The Gen Z phenomenon
Tomorrow is the season 2 finale of the hit HBO show Euphoria. If you’ve spent any time on social media platforms, you’d know about Euphoria Sundays on Twitter and the Euphoria high memes on Tiktok. You cannot deny the impact of the show on pop culture, especially within the fashion sphere.
Euphoria follows a group of high school students as they navigate through different aspects of their teenage life. Topics tackled on the show includes drug, sex, gender identity, and love. The show is critically acclaimed, scoring 88% on rotten tomatoes. It is also praised for its brutally honest depiction of drug addiction and for its diverse cast. NRP described the show as “thrilling, daring, disquieting and compelling – a triumph at a time when truly unique storytelling remains unsettlingly rare.”
And I agree with them. Euphoria’s storytelling excels at giving each character room to grow. As an Asian viewer, however, something struck me at the season 1 finale. As much as I love the story and how well the cinematography is, there was something that was missing: a disconnect, a sense of unrelatability. WHERE ARE THE ASIANS AT!?
While doing my research, I stumbled upon an article by Ally Xu titled “Euphoria’ Is Praised For Its Diversity, But Still Seems To Lack Asian Characters.” Xu asked some hard hitting questions, like how is Euphoria still failing to represent the Asian American and Pacific Islander Community (AAPI community) when it is filmed in the suburbs of California where according to the United States Census Bureau, there are currently 5.8 million Asians living in the state? Xu also talked about how this lack of representation isn’t new to Hollywood. Showing the disproportionate roles given to Asian actors. The New York Times Style Magazine reported that “Asian-Americans represent[ing] only 1 percent of all leading roles in Hollywood.”
Yet, I think there is something even more glaring than the aforementioned issue.
Redlining and Exclusionary Zoning
Redlining happened during the 1930s when the government made it difficult for BIPOC communities to gain housing in an attempt to segregate white communities from BIPOC communities. Exclusionary Zoning is described by the Century Foundation as “a legal practice that has been used for decades to keep lower-income people—disproportionately racial minorities—out of wealthy and middle-class neighborhoods across the country.”
So what’s this have to do with the lack of representation of Asian voices? The show is set in fictional suburbia where the concept and prominence of white community plays at the forefront of the show. Asian communities were never really a part of this suburban lifestyle, at least in the eyes of Hollywood.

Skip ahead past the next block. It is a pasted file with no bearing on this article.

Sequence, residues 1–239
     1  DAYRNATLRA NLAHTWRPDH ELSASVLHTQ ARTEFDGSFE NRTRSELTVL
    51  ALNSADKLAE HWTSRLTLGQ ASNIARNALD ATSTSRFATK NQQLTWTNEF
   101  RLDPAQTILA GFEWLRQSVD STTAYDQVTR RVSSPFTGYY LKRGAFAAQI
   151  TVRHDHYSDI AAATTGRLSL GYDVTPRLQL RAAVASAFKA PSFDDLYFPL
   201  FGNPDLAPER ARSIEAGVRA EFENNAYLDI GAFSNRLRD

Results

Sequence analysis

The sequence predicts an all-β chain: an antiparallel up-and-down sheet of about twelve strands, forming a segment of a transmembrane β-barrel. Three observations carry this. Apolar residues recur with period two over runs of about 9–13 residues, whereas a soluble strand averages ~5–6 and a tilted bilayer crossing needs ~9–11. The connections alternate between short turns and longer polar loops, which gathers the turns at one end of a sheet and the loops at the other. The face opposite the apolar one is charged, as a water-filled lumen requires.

This image that was set by the U.S. government through zoning laws and redlining further reinforced the idea that whites are supposed to belong in suburbia, blacks in the hood, and Asians in Chinatown. This can be seen through how Asian actors are casted as stereotypes like nerds, model minorities, I.T. experts, and martial artists. Although the number of AAIP families living in suburbs are increasing, Hollywood clearly hasn’t caught up with this idea.
The mass migration of the 1800s
Of course these stereotypes didn’t come out of nowhere. These concepts are mostly rooted in the racist history of the influx of Asian immigrants back in the 1800s. Immigrants were viewed as prostitutes, criminals, or simply different. In that same era, the term Yellow Peril was born.
As an Asian viewer, this made me feel like the only people who had fun in their teenage years were the people who live in the suburbs. The show also reinforces the “model minority” myth. But Asians know how to party too. We get drunk, we get high, and our families aren’t perfect. We make mistakes.
Although this has been a great way to look at the effect of redlining, zoning laws and racism in the past, and how this still affects marginalized communities, I wish this was something I no longer have to talk about.
The game is slowly changing
For a show that is celebrated for being diverse, it still has a lot of progress to make. AAIP actors have been greatly under-appreciated. Recent films like “Shang-Chi”(2021) and “Crazy Rich Asians”(2018) show that Asian actors and characters can perform just as well as their white counterparts. We are in a seminal age of film where online streaming giants like Netflix are already reaping the benefits for catering to Asian talents and stories. The Korean series “Squid Games”(2021) is reportedly valued at $900 million and stayed for 53 days on the top spot of the platform.
There is still a lot of work that needs to be done to make this more than just tokenism, not only by Euphoria, but by the whole film industry. There is a place in the film industry for Asian stories and characters, and with the same determination as the first Asian immigrants of the 1800s, we will continue to demand the representation that we deserve.
Juan Miguel Jocom, or Juanita Banana as his friends call him, is an Editorial Board member at the Seattle Collegian, where he focuses on writing about the experience of immigrant students at Seattle Central College. A documentarian, he hopes to create videos that will showcase the chaos and glory of humans.
As a Seattle local, he’s an aspiring granola boy, who enjoys rock climbing and jumping off cliffs. His recent documentary, Welcome to the Neighborhood, was an official selected entry for the 2021 SCOOP film fest.
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